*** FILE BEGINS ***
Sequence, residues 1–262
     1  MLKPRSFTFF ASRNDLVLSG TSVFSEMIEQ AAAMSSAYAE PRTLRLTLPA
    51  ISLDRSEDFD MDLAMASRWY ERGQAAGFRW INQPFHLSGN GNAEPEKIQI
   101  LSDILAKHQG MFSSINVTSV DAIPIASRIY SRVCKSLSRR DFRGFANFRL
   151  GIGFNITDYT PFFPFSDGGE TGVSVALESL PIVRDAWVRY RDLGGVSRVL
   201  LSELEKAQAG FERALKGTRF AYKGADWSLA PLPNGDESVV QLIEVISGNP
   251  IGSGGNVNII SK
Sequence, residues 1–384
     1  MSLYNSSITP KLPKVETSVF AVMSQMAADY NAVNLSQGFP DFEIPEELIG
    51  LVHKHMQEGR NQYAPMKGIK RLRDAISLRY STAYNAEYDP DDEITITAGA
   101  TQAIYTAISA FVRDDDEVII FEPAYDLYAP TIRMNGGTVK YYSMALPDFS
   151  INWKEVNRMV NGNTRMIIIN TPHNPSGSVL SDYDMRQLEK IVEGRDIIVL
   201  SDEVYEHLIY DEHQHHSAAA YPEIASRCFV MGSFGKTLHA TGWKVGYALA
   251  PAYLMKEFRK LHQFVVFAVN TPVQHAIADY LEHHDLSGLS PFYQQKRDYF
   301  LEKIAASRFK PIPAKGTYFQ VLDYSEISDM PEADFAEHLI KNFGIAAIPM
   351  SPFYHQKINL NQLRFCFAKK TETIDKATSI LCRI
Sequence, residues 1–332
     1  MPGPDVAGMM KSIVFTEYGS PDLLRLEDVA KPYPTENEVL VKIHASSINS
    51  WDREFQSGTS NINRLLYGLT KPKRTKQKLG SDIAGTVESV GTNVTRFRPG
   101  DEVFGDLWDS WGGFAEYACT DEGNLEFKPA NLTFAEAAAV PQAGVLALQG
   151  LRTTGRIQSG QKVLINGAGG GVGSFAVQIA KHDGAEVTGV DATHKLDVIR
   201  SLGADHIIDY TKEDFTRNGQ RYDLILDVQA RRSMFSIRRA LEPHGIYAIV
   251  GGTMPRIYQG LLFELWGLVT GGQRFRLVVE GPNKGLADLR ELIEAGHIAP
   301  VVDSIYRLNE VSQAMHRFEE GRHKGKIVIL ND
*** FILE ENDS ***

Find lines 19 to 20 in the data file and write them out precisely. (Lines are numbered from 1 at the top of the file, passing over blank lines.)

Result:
    51  WDREFQSGTS NINRLLYGLT KPKRTKQKLG SDIAGTVESV GTNVTRFRPG
   101  DEVFGDLWDS WGGFAEYACT DEGNLEFKPA NLTFAEAAAV PQAGVLALQG